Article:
- Select 5 excellent quality pieces for printed presentation.
- Discuss and record the development of the Concentration through in-class discussions, online reviews and small group critiques.
- Students will create new work with historical knowledge of artists who are associated with the particular style they are developing. Time is given in class for research. A broad range of art history will be presented in class with specific artists and genres directed to students with related work.
- As the class is a college level course, it is expected that students show great attention to detail and to the quality of their work.
- It is expected that students will experiment with a broad range of mediums and become aware of the strengths and shortcomings of each.
- Learn to collaborate; art is not made in a bubble.
Photoshop, Premiere, Adobe After Effects, Illustrator, Lightroom
Any 2D medium a student wishes to use to complete a project is acceptable. Digital imagery, photography, filmmaking, animation, and graphic design are all acceptable. Creating the work through traditional means initially and then scanning in the work digitally to further alter the work is acceptable as well. Filmmaking and Animation student need to be aware that motion work is not reviewed by the AP judges, but will be reviewed in class. For the end of year portfolio, Filmmaking and Animation students will be turning in screenshots of their work. It is recommended that Filmmaking students shoot a photo of their scenes before filming. This will produce a higher resolution file to work with and edit.
All attempts are made to keep class material current and relevant. Therefore, an official class textbook will not be used. References from books, artist interviews, artist websites and work will be consumed through online viewing and through the class as a unit; culling and sharing found work that inspires and is relevant to the goals of the class. Below is an assortment of sites to be used throughout the year.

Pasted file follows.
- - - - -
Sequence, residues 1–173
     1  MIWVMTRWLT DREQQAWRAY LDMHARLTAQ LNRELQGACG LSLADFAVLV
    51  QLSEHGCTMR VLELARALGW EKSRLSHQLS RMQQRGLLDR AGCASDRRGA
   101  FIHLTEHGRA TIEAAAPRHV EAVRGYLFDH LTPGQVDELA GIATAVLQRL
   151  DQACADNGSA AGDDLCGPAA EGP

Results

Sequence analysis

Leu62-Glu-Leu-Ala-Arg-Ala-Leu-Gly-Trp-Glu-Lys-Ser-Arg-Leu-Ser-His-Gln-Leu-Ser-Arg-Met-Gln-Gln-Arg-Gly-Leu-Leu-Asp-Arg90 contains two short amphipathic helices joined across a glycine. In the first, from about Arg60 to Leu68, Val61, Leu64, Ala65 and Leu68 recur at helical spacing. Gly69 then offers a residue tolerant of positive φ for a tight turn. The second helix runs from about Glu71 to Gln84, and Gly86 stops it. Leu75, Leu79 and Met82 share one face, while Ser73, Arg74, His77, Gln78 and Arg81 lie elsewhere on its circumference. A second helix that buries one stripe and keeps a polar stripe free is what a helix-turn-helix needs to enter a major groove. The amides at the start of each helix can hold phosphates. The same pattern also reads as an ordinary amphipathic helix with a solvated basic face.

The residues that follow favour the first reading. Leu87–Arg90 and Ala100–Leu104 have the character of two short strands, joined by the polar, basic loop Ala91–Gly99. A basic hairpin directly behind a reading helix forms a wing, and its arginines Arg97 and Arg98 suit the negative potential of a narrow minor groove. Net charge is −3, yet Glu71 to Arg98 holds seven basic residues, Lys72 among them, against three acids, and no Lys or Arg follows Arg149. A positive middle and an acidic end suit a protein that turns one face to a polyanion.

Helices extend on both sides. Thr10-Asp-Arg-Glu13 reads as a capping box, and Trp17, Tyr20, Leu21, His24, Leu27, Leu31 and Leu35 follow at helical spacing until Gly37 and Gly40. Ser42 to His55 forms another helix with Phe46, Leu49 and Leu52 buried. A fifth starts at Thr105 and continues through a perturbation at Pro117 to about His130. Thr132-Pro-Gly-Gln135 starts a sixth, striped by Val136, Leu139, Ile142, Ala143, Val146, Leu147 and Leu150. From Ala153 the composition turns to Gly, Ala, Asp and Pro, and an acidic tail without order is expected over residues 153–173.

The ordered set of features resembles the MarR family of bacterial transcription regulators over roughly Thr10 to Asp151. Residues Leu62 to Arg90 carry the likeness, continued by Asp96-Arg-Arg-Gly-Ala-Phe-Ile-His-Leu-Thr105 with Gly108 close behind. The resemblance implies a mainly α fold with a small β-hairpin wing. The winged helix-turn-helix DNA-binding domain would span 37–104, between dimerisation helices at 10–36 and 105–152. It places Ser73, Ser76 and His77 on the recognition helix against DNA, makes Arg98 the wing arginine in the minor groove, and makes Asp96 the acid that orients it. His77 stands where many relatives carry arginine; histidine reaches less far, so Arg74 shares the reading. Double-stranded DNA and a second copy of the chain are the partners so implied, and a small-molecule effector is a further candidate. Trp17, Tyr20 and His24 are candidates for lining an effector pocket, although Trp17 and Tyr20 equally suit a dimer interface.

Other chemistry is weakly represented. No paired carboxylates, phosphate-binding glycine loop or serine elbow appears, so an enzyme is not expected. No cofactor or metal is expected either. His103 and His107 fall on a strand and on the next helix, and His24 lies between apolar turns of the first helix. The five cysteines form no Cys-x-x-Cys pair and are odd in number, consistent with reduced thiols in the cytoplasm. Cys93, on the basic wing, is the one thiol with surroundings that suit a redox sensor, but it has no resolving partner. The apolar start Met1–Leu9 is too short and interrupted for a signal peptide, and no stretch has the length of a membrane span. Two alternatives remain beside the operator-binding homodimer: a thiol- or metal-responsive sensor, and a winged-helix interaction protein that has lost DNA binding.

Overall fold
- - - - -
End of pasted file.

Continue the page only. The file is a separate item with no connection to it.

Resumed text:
|http://photography.bastardsbook. com/lessons/the-quality-of-light/ http://dailypost.wordpress.com/20 13/07/16/quality-of-light/ http://contemporaryartblogs.com /blogs http://artpatrol.blogspot.com/ http://www.vvork.com/ http://www.artnet.com/artists/ http://www.artnet.com/artists/top -300-artists/ http://vectroave.com/ http://newdev.viiphoto.com/ http://www.viiphoto.com/feature. html http://photographynow.net/photographers/artists/ http://www.fstopmagazine.com/li nks.html http://www.thefoxisblack.com/ http://www.boston.com/bigpicture/ http://www.featureshoot.com/ Ted Talks: Art Ted Talks, Rebel Design||http://blog.iso50.com/ http://submit.curioos.com/ http://vectroave.com/ http://lookslikegooddesign.com/art-by-thefallen/ http://lookslikegooddesign.com/ http://design-milk.com/ http://behance.net http://500px.com http://1x.com http://www.booooooom.com/ http://arcofhysteria.com/ http://artistaday.com/ http://artistaday.com/?page_id=9901 http://artofoverwhelm.com/ http://foundinspirationmovingforward.tumb lr.com/tagged/quote http://www.booooooom.com/2013/05/07/ ultimate-list-of-all-the-best-art-phototumblrs-to-follow/ http://www.indefenseofart.com/archive http://juxtapozmag.tumblr.com/ http://bsimple.com/home.htm Vimeo.com|